*He grins wryly.
It was a great mistake, my being born a man, I would have been much more successful as a sea gull or a fish. As it is, I will always be a stranger who never feels at home, who does not really want and is not really wanted, who can never belong, who must always be a a little in love with death!

TYRONE
*Stares at him -- impressed.
Yes, there's the makings of a poet in you all right.
*Then protesting uneasily.
But that's morbid craziness about not being wanted and loving death.

EDMUND
*Sardonically
The *makings of a poet. No, I'm afraid I'm like the guy who is always panhandling for a smoke. He hasn't even got the makings. He's got only the habit. I couldn't touch what I tried to tell you just now. I just stammered. That's the best I'll ever do, I mean, if I live. Well, it will be faithful realism, at least. Stammering is the native eloquence of us fog people.”
Eugene O'Neill, Long Day's Journey into Night
“We are such things as rubbish is made of, so let's drink up and forget it.”
Eugene O'Neill, Long Day's Journey into Night
“I was set free! I dissolved in the sea, became white sails and flying spray, became beauty and rhythm, became moonlight and the ship and the high dim-starred sky! I belonged, without past or future, within peace and unity and a wild joy, within something greater than my own life, or the life of Man, to Life itself!.. And several other times in my life, when I was swimming far out, or lying alone on a beach, I have had the same experience, became the sun, the hot sand, green seaweed anchored to a rock, swaying in the tide. Like a saint's vision of beatitude. Like the veil of things as they seem drawn back by an unseen hand. For a second you see, and seeing the secret, you are the secret. For a second there is meaning! Then the hand lets the veil fall and you are alone, lost in the fog again, and you stumble on towards nowhere for no good reason.”
Eugene O'Neill, Long Day's Journey into Night
“The past is the present, isn't it? It's the future, too. We all try to lie out of that but life won't let us.”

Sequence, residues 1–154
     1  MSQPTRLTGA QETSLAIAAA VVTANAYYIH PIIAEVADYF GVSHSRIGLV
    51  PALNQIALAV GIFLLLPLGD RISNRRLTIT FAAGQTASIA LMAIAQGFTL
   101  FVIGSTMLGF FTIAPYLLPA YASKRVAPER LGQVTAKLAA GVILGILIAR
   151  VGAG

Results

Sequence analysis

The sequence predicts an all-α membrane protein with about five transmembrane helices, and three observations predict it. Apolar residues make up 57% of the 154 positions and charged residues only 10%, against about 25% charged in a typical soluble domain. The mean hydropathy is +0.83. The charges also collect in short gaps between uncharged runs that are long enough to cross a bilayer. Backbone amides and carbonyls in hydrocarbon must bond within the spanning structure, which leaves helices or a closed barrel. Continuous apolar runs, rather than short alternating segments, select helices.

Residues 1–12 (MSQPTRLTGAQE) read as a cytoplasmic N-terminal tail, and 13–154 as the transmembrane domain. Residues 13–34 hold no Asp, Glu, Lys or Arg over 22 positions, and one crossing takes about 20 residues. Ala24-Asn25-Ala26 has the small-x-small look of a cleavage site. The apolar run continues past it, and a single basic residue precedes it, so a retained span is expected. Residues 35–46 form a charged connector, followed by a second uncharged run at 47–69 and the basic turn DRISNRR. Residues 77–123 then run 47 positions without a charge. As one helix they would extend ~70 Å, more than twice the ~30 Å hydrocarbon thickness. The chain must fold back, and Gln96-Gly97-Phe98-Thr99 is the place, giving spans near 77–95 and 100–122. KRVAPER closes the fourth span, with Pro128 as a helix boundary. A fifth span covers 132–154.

Eugene O'Neill, Long Day's Journey into Night
“It wasn't the fog I minded, Cathleen. I really love fog. [...] It hides you from the world and the world from you. You feel that everything has changed, and nothing is what it seemed to be. No one can find or touch you any more.”
Eugene O'Neill, Long Day's Journey into Night
“Like a saint's vision of beatitude. Like the veil of things as they seem drawn back by an unseen hand. For a second you see—and seeing the secret, are the secret. For a second there is meaning! Then the hand lets the veil fall and you are alone, lost in the fog again, and you stumble on toward nowhere, for no good reason! ”
Eugene O'Neill, Long Day's Journey into Night
“And several other times in my life, when I was swimming far out, or lying alone on a beach, I have had the same experience, became the sun, the hot sand, green seaweed anchored to a rock, swaying in the tide. Like a saint's vision of beatitude. Like the veil of things as they seem drawn back by an unseen hand. For a second you see, and seeing the secret, you are the secret. For a second there is meaning! Then the hand lets the veil fall and you are alone, lost in the fog again, and you stumble on towards nowhere for no good reason.”
Eugene O'Neill, Long Day's Journey into Night
“The Mad Scene. Enter Ophelia!”
Eugene O'Neill, Long Day's Journey into Night
“Why can’t you remember your Shakespeare and forget the third-raters. You’ll find what you’re trying to say in him- as you’ll find everything else worth saying. 'We are such stuff as dreams are made on, and our little life is rounded with sleep.''